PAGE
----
This Scriabin set is one of the finer offerings in Universal's Trio series. Vladimir Ashkenazy's crisp phrasing and lean orchestral sonorities contrast markedly with the lush appointments of Riccardo Muti's cycle, which relies heavily on the voluptuous sound of the Philadelphia Orchestra to make its effect. In this regard Muti scores over Ashkenazy in the First symphony, where the Russian conductor's crisp, no-nonsense approach sounds comparatively restrained (especially the highly emotive second movement). But the tables turn in Symphony No. 2. Here Ashkenazy's clarity and focus give much needed shape and rhythmic definition to this music, which tends to meander in Muti's hands. The finale is a perfect example: muscle with Ashkenazy; mush with Muti.
This cycle of Nielsen symphonies is a partial crossover from the Bis label, not a remake. The connection with Bis assures that the sonics given to the Gothenburg Sym. will be excellent, and the clarity of the wind playing, the inner detail and clean dynamics are a big plus. Jarvi isn't especially tuned in to the mystery and tragedy of Nielsen's later works. He zips too quickly through the first movement of the Fifth, missing its combination of anguish and chaos. He isn't expansive or joyous enough in Sym. #3, even though the subtitle is 'Espansiva.'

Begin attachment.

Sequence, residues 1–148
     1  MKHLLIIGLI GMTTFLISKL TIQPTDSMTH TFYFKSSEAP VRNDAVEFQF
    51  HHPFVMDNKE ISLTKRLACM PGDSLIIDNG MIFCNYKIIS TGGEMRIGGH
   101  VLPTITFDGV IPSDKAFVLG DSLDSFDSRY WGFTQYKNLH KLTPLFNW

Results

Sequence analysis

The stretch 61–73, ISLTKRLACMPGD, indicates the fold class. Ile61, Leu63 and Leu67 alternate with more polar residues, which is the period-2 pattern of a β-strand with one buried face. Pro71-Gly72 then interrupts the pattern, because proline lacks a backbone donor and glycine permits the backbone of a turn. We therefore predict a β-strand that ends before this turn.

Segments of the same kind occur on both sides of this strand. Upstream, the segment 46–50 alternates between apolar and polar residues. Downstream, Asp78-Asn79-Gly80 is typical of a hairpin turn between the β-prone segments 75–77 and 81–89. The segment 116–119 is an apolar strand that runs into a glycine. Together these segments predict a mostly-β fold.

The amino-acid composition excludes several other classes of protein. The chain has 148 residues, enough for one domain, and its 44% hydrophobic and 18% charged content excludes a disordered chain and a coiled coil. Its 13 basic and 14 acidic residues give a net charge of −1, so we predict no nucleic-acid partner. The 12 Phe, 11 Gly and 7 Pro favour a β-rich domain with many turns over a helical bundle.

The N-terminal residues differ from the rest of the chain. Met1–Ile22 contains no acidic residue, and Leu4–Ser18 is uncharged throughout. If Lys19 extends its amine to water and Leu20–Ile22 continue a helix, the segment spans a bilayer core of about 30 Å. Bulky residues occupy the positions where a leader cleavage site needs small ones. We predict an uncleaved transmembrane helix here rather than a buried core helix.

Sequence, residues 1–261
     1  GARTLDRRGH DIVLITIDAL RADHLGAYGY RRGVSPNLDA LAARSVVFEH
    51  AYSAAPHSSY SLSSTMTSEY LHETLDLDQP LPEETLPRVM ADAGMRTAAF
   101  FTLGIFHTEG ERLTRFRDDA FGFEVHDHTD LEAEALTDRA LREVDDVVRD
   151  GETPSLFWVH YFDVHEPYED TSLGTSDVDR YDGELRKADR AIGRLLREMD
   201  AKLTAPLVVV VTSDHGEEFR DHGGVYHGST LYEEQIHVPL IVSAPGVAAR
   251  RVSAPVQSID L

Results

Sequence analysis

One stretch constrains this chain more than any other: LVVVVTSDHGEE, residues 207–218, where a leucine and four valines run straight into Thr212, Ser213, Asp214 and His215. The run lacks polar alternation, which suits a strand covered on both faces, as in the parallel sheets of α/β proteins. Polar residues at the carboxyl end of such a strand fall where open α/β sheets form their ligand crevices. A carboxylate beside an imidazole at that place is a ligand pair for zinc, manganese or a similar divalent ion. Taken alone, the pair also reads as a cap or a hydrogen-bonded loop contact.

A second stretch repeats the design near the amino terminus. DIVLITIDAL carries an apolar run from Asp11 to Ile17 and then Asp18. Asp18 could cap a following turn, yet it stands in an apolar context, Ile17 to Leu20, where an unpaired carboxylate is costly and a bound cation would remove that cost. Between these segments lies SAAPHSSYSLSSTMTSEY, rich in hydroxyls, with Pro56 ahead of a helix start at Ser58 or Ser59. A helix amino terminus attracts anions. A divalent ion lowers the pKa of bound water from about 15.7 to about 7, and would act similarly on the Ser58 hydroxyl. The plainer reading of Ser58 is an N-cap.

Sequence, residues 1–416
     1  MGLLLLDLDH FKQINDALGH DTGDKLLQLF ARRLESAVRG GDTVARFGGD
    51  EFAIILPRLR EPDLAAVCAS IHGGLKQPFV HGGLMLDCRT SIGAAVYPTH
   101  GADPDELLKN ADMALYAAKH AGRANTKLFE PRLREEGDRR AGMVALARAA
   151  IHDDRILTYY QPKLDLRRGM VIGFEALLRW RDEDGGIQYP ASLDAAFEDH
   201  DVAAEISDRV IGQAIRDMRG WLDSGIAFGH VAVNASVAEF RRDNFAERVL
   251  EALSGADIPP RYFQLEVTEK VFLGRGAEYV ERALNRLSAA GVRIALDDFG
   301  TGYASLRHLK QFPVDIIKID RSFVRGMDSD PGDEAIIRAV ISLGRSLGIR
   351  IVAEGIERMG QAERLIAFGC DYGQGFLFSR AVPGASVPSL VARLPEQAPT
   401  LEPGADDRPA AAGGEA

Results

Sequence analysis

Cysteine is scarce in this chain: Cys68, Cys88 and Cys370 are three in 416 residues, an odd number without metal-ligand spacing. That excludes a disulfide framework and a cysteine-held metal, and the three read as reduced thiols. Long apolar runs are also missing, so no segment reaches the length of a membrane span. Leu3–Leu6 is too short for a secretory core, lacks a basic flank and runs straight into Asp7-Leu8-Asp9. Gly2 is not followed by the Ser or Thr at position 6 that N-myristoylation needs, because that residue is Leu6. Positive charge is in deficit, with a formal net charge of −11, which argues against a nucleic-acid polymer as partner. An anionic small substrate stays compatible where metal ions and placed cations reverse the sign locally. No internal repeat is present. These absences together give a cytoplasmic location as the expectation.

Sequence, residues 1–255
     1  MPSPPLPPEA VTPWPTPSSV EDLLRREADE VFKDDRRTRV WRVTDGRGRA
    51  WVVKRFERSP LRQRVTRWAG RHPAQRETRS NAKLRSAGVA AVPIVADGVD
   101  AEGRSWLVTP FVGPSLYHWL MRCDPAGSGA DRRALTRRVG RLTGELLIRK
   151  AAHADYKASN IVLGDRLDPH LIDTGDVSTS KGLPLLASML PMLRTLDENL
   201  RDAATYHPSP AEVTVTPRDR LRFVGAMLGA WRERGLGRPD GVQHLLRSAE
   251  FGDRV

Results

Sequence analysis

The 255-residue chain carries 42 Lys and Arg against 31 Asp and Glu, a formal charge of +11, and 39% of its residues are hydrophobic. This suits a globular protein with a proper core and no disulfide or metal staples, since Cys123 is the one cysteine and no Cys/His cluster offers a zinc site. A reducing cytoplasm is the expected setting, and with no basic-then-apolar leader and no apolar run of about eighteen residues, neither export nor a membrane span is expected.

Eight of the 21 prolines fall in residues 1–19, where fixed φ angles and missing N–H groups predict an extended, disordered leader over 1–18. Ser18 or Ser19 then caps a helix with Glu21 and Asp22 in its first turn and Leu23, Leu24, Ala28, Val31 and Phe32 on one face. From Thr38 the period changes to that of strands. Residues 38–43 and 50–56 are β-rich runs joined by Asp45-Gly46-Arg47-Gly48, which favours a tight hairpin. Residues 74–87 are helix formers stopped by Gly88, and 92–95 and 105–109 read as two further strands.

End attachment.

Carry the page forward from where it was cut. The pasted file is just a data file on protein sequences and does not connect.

This revered Russian pianist was famous for probing the poetry of the pieces he played even as he exhibited breathtaking virtuosity. This set collects his highly prized interpretations of masterpieces from the 18th, 19th and 20th centuries: more than 5 CDs of Beethoven plus Rachmaninov's Piano Concerto No. 3 in D Minor ; Saint-Sa+«ns' Piano Concerto No. 2 in G Minor ; Tchaikovsky's Piano Concert No. 1 in B Flat Minor ; Chopin's Piano Sonata No. 2 in B Flat Minor ; Shostakovich's 24 Preludes and Fugues, and more!
Sarah Vaughan recorded extensively for Mercury/EmArcy during the 1950s and 1960s. Through much of that time, Vaughan's operatic voice was matched against overripe orchestrations or arrangements more suitable to a pop icon than one of the most versatile instruments in history.
English-born New Yorker Rupert Holmes may be best known for his hit singles ‘Escape (The Pina Colada Song)’ (1979) and ‘Him’ (1980), but several years prior to this, Rupert broke onto the music scene with three meticulously crafted albums for the Epic label in the space of two years. These albums were full of perfectly told stories of love, life and loss, and paved the way for Rupert’s ascendancy to the big time.